Continuous immunotypes describe human immune variation and predict diverse responses

PNAS – Proceedings of the National Academy of Sciences of the United States
of America
[Accessed 15 July 2017]

Biological Sciences – Immunology and Inflammation – Physical Sciences – Biophysics and Computational Biology:
Continuous immunotypes describe human immune variation and predict diverse responses
Kevin J. Kaczorowski, Karthik Shekhar, Dieudonné Nkulikiyimfura, Cornelia L. Dekker, Holden Maecker, Mark M. Davis, Arup K. Chakraborty, and Petter Brodin
PNAS 2017 ; published ahead of print July 10, 2017, doi:10.1073/pnas.1705065114
The human immune system consists of many different white blood cells that coordinate their actions to fight infections. The balance between these cell populations is determined by direct interactions and soluble factors such as cytokines, which serve as messengers between cells. Understanding how the interactions between cell populations influence the function of the immune system as a whole will allow us to better distinguish patients most at risk for specific infections or immune-mediated diseases and inform vaccination strategies. Here, we determine key collective interactions between white blood cells present in blood samples taken from healthy individuals. This perspective allows us to predict functional responses and describe previously unappreciated differences between age groups and in individuals carrying cytomegalovirus.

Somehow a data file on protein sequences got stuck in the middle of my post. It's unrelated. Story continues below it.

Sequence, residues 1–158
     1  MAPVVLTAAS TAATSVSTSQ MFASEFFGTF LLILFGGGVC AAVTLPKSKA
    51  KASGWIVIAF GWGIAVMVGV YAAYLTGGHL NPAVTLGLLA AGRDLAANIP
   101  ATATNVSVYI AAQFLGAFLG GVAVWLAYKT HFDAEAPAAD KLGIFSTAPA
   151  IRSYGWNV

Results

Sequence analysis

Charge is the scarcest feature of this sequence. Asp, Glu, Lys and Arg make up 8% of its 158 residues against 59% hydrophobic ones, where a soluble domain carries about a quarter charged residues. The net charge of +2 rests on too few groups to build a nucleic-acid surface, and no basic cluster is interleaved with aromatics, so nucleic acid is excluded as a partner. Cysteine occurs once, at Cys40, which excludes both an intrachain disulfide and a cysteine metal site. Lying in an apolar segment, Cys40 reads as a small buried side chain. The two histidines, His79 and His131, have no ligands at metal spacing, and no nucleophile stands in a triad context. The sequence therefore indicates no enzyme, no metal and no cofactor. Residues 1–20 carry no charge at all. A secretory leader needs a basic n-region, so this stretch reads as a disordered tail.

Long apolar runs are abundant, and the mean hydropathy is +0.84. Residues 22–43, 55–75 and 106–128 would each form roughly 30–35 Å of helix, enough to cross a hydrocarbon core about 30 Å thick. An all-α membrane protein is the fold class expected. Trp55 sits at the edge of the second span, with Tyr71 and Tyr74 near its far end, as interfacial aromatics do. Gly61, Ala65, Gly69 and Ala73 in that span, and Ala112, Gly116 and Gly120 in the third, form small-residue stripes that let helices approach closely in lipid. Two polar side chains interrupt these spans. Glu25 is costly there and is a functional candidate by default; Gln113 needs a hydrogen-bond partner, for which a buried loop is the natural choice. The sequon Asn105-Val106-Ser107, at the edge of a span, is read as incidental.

The immune system consists of many specialized cell populations that communicate with each other to achieve systemic immune responses. Our analyses of various measured immune cell population frequencies in healthy humans and their responses to diverse stimuli show that human immune variation is continuous in nature, rather than characterized by discrete groups of similar individuals. We show that the same three key combinations of immune cell population frequencies can define an individual’s immunotype and predict a diverse set of functional responses to cytokine stimulation. We find that, even though interindividual variations in specific cell population frequencies can be large, unrelated individuals of younger age have more homogeneous immunotypes than older individuals. Across age groups, cytomegalovirus seropositive individuals displayed immunotypes characteristic of older individuals. The conceptual framework for defining immunotypes suggested by our results could guide the development of better therapies that appropriately modulate collective immunotypes, rather than individual immune components.